[CFP] Special issue of Perspectives (2023)
Pivot audiovisual translation: A burning issue for research and training
Guest-edited by Hanna Pięta, Susana Valdez, Rita Menezes and Stavroula Sokoli
This special issue focuses on pivot audiovisual translation (AVT), understood as the process or product of translating an audiovisual content through an intermediate language or text. Pivot translation is not uncommon in AVT history. It is likely to go right back to the translation of silent film, considering how international the market for this industry was. Moreover, right from the outset subtitling was a truly collaborative process, with various subtitlers working from literal translations provided by other translators. Another case in point is the film translation practice in various republics of the former Soviet Union, where translations of subtitles where performed on the basis of re-edited post-production scripts with Russian dubbing (Gambier 2003).
Today pivot AVT is a widespread practice. Examples can often be found in both long-standing modes (such as subtitling, dubbing or voice-over) and more recent ones (including fansubbing, fandubbing, fanvoicing, surtitling, subtitling for the deaf and hard of hearing, audiodescription, sign language interpreting). It is clearly not restricted to films and television series and can also be found in a myriad of other genres, such as fly-on-the-wall docudramas, corporate videos, commercials, trailers, video clips, videogames, news, political speeches, interviews, webtoons and many others. For example, streamed media and DVDs not originally in English are generally first translated into an English template file which is used to produce subtitles in other languages (Georgakopoulou 2019). In videogame localization, Japanese products are first translated into English for the North American region, which constitutes a major market for these products; other translated versions are based on these English pivots and subsequently released on further markets (O´Hagan & Mangiron 2013, 130; see also Wenqing, forthcoming). Other possible scenarios include situations where, for accessibility reasons, dialogue scripts in English — with mise en scéne and stage directions — are used to produce audio description scripts in, say, Portuguese.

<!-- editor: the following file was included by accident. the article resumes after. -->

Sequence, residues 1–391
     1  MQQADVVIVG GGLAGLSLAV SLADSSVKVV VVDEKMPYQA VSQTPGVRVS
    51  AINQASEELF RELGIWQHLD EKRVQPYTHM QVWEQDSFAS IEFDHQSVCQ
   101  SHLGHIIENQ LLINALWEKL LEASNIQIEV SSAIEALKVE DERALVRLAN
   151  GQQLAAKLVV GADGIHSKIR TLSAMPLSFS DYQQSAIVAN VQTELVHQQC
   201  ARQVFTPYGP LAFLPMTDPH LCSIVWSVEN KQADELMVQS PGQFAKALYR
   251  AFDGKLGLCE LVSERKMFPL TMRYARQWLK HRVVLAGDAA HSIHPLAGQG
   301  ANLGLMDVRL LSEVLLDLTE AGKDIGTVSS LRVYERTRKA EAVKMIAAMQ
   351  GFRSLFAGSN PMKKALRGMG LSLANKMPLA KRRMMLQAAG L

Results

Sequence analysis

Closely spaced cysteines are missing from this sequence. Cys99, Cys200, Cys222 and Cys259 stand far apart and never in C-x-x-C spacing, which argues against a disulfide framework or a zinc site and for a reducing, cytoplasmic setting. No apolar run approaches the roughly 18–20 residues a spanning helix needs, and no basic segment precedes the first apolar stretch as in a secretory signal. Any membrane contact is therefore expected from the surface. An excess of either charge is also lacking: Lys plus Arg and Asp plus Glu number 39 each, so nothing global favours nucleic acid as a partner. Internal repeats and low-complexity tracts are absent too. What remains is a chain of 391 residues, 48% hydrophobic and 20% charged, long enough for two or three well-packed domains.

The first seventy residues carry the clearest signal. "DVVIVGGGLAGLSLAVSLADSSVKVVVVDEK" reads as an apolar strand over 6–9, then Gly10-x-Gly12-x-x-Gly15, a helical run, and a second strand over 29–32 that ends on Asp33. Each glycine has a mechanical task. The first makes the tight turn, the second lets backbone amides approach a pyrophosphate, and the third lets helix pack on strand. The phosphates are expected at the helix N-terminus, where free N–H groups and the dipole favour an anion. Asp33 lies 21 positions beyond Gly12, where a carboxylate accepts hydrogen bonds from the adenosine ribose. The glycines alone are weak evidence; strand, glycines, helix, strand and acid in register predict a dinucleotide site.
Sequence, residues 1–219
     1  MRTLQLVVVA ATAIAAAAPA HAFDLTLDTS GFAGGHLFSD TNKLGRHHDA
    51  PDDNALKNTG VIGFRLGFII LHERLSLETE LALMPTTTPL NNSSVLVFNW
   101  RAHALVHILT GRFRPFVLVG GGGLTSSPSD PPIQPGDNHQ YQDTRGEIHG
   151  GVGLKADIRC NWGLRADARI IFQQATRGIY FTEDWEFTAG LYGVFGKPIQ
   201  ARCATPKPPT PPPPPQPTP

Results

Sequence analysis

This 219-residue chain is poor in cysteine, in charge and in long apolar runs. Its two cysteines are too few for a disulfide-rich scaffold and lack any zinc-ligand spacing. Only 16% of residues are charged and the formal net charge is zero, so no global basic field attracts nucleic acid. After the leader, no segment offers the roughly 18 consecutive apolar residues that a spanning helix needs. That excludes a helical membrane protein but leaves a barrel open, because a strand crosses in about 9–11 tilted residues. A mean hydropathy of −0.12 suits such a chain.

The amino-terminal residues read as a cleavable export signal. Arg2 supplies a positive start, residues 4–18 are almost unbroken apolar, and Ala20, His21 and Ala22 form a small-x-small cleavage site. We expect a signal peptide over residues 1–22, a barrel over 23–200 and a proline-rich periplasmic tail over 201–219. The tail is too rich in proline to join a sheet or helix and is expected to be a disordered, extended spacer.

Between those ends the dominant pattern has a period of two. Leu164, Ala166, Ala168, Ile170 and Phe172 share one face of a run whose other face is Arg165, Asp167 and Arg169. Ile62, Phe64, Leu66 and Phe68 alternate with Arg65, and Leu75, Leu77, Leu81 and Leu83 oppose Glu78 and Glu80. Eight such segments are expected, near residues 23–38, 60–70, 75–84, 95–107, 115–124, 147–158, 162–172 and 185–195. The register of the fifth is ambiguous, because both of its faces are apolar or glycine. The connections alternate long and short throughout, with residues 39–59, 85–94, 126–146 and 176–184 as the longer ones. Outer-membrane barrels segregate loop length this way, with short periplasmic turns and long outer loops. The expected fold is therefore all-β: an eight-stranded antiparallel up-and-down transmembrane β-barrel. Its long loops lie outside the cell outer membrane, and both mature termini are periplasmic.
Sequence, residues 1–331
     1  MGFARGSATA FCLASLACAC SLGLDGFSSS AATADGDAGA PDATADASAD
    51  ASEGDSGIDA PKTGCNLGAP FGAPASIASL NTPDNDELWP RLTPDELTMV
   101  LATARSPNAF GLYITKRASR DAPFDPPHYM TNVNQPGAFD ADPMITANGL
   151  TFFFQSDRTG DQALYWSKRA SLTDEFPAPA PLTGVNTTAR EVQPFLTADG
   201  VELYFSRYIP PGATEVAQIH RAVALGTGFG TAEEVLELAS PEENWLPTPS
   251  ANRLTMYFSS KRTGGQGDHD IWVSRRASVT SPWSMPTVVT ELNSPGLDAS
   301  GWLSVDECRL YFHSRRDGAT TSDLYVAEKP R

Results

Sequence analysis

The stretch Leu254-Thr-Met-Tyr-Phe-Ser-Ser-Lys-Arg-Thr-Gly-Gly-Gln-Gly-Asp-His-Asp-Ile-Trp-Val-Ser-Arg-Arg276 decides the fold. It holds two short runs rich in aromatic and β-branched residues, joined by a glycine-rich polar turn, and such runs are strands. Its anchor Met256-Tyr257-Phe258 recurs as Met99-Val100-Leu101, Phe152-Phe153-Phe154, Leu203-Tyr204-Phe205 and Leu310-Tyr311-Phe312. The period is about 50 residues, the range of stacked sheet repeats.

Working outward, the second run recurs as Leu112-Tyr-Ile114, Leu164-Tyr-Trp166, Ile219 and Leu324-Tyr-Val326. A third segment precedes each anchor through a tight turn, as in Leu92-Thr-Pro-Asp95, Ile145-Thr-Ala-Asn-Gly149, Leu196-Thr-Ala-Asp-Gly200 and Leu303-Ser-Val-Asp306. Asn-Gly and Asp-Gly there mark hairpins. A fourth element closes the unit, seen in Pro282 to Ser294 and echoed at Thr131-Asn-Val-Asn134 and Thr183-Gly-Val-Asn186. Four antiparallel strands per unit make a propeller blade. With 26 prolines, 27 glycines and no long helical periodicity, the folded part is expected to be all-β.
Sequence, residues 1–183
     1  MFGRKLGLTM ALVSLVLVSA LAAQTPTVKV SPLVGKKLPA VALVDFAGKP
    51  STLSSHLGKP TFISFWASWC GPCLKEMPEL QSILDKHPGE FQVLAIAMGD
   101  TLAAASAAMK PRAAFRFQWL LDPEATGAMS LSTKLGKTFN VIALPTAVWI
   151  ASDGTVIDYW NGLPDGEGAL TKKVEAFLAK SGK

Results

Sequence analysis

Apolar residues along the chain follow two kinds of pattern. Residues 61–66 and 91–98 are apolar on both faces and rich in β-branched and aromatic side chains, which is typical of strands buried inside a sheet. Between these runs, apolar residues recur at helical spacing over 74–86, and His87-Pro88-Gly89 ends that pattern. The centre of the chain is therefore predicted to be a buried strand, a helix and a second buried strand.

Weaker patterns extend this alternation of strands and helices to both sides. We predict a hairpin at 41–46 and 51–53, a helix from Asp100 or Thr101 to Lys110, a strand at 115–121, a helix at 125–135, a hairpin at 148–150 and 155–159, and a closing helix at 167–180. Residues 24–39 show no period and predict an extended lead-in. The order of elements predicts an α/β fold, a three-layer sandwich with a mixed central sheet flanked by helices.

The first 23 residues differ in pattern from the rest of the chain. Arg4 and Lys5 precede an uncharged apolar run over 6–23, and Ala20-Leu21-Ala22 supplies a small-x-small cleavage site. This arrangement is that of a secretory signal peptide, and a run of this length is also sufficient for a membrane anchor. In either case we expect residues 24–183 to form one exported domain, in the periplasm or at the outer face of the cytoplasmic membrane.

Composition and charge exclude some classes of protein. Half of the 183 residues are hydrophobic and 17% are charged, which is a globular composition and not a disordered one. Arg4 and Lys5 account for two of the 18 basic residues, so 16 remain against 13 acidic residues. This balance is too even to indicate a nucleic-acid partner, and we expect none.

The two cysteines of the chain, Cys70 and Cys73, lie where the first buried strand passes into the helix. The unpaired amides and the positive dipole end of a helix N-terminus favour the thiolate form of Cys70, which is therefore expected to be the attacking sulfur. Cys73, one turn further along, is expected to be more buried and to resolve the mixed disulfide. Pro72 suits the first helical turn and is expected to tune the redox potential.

There is no indication of a reduced relevance of pivot AVT in the foreseeable future. Quite the reverse: it seems to be constantly on the increase because it streamlines processes, avoids duplication of work, minimizes costs, improves timelines and facilitates the quality control of translated texts while enlarging the pool of potential translators (Georgakopoulou 2019). The use of pivot approaches is also likely to intensify due two important developments that are already on the horizon. One of such developments are streaming giants’ plans to increase their non-English programming (Rodríguez 2017). Another influencing factor is the currently drafted European Union (EU) directive, which requires that, in order to be able to operate in the EU, one third of content on all SVoD platforms will need to be of local (EU) origin (Roxborough 2018). This will only be achieved with a hike in original, home-grown productions and local acquisitions of content, which is likely to be produced in a myriad of languages (DíazCintas and Remael 2020, 54). This myriad of languages will then need to be translated into a panoply of other languages to attract audiences around the world, and pivot approaches may well be a part of solution (Pięta et al., forthcoming). While some — especially more senior translators (Torres-Simón et al. 2021) — view pivot translation as a threat to translation quality, or translators’ jobs and ethics, for others it is a fact of life, as they have always worked in such workflows (Díaz-Cintas and Remael 2020, 43).